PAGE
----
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06 // PóniLó morZe - MCU programming

This week the assignment was simple: redesign a PCB by adding an LED and Button, and program it so they do something cool. My design is Póniló morZe - a Morse encoder, which converts characters reaching it over the serial port to blinks of light.

The process is simple but requires quite a few steps:

  • Design the PCB. This consists of first adding semantical connections between elements (connected. to a PIN. through a NET. to a component that has a VALUE, etc.). In my previous life I used Eagle numerous times, thus I was happy that Ed Baafi did all the hard work for all of us and ported the design to Eagle. Here is the link to the Schematic and to the Board :). Thanks Ed! I added a button and a LED and checked my design against electrical design errors (ERC) and design rule violations (DRC), which for example tells me if the milling bit won't fit between two traces. Extremely helpful. I recommend using it when you are milling a board.

  • Next step is to materialize the board, through the steps I described during week 3. I choose to mill the board on the Mantis Machine. The tutorial is here for the Mantis 9. It was super-fast and easy to use, I was very happy with the result. During my PCB design I used a DRC check that corresponds to 17mils, which worked beautifully for my design, the Mantis cut wide enough traces everywhere. Therefore the PóniLó morZe was born.

  • Stuff the board a boring process. no comment.

  • Write the AVR code for the MCU. I will go over this in detail.

  • Compile and upload your program to your precious ATtiny44

The program, compiling and uploading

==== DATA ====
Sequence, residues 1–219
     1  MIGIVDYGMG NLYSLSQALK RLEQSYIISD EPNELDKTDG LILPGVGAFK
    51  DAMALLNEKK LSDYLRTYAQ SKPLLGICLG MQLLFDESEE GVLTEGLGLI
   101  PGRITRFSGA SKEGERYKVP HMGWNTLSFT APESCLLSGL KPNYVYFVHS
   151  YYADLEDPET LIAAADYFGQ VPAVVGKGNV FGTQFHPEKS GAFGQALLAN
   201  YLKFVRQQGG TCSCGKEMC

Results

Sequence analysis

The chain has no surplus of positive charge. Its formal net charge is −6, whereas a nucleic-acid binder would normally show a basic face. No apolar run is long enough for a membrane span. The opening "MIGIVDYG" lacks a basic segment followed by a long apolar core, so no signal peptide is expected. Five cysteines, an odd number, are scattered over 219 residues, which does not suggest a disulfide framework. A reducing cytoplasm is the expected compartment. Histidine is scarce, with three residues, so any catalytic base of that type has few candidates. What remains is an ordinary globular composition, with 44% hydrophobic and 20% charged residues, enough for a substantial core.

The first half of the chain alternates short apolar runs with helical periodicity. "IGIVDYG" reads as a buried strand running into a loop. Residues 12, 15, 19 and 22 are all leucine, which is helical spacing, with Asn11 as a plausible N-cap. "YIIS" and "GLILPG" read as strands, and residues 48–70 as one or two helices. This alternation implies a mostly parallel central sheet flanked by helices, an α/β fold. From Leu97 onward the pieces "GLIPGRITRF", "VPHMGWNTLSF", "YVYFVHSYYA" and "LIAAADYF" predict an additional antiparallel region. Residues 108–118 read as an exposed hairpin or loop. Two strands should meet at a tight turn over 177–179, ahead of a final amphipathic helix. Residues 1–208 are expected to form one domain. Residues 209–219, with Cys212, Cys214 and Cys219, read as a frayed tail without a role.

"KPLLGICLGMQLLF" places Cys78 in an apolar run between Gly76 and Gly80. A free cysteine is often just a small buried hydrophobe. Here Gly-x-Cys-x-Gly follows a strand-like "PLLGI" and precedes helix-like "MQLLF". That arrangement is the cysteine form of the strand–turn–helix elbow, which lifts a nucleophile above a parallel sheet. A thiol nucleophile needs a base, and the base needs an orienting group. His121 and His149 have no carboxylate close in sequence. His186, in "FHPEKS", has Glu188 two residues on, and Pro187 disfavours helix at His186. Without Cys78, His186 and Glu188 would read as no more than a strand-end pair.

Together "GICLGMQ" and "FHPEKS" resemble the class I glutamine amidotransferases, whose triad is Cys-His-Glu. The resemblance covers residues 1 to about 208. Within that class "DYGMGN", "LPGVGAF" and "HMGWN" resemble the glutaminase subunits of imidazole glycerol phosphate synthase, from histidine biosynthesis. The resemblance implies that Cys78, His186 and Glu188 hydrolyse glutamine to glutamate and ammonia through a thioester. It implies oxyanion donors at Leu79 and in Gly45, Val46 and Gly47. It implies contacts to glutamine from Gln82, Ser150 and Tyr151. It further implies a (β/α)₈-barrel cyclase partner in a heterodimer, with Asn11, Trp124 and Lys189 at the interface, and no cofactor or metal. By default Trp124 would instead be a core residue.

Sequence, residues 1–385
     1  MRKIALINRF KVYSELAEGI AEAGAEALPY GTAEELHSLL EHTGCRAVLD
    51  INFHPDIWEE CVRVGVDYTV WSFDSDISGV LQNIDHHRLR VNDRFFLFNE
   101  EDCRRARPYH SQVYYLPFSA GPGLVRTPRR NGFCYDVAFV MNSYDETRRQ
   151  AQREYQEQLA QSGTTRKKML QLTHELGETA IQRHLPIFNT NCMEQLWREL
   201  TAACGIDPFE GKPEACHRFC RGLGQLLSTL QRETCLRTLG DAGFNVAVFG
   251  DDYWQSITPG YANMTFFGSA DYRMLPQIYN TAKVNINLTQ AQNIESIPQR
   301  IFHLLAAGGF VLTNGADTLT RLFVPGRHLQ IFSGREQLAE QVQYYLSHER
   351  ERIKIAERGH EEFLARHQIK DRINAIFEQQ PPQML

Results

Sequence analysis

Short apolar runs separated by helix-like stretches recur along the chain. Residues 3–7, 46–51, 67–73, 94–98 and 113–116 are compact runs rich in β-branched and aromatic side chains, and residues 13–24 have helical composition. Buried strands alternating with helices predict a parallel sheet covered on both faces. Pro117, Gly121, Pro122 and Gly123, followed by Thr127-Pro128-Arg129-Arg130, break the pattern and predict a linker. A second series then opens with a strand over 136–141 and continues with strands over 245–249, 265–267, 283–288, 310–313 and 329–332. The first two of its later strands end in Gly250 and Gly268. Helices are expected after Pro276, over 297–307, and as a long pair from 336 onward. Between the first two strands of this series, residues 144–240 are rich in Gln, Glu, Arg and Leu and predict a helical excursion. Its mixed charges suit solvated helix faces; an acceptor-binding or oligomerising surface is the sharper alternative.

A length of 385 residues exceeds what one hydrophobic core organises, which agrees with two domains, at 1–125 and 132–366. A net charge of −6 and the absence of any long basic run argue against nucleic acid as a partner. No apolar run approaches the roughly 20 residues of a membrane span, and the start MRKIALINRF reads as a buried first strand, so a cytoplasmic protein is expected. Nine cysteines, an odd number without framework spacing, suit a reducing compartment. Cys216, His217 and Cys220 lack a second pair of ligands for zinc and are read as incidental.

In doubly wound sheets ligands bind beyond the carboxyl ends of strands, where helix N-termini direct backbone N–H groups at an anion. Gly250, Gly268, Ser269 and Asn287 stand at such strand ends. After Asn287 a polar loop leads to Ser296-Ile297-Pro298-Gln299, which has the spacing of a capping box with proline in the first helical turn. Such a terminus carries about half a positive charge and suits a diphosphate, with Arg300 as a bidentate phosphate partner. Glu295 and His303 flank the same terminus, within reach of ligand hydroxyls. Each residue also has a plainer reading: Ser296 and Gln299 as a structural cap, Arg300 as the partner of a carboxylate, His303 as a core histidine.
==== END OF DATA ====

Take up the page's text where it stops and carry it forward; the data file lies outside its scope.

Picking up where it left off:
My program can be viewed here. Most MCU programs are quite easy to understand: first you setup all the ports and pins and their directions and properties, like the pull-up resistor that needs to be switched on if a button is connected. Then the programs goes to a Coma, where it can recover from when an interrupt arrives that is generated when a Serial event happens (a character arrives from the Serial line). If no interrupt is present you cannot even read a button periodically, because the whole program is concentrated on reading a serial value. Thus we like interrupts.

Some important revelations:

1. If you are toggling an LED and you measure it with a multimeter and it jitters between 3.6...4.8V that means you have not set it to output and you are pulling it through a transistor from the "wrong" direction.

2. In order to use the 20MHz external oscillator you have to TELL the MCU to use it. This is what fuse bits are for. This is part of the Uploading workflow NOT the Coding workflow. In other words you do it with the Makefile not the C or ASM file! Here is my Makefile that works on Mac OS X:

		F_CPU = 20000000

		CFLAGS=-mmcu=$(MMCU) -Wall -Os -DF_CPU=$(F_CPU)

		$(PROJECT).hex: $(PROJECT).out
			avr-objcopy -j .text -O ihex $(PROJECT).out $(PROJECT).c.hex;\
		   avr-size --mcu=$(MMCU) --format=avr $(PROJECT).out

		$(PROJECT).out: $(SOURCES)
			avr-gcc $(CFLAGS) -I./ -o $(PROJECT).out $(SOURCES)

		program: $(PROJECT).hex
			avrdude -p t44 -c usbtiny -U flash:w:$(PROJECT).c.hex

		programfuses: $(PROJECT).hex
			avrdude -p t44 -c usbtiny -U lfuse:w:0x7E:m
To compile your code type (in the directory of your source):

>> make

To upload your program type:

>> make program

To program the fuse bits type:

>> make programfuses

Now you are using the 20Mhz crystal which is very precise and fast.

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